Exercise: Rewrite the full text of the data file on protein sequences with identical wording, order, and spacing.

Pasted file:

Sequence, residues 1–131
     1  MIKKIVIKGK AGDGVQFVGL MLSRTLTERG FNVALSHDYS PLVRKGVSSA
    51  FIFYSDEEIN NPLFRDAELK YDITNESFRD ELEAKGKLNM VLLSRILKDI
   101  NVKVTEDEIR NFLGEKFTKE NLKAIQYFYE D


Sequence, residues 1–131
     1  MIKKIVIKGK AGDGVQFVGL MLSRTLTERG FNVALSHDYS PLVRKGVSSA
    51  FIFYSDEEIN NPLFRDAELK YDITNESFRD ELEAKGKLNM VLLSRILKDI
   101  NVKVTEDEIR NFLGEKFTKE NLKAIQYFYE D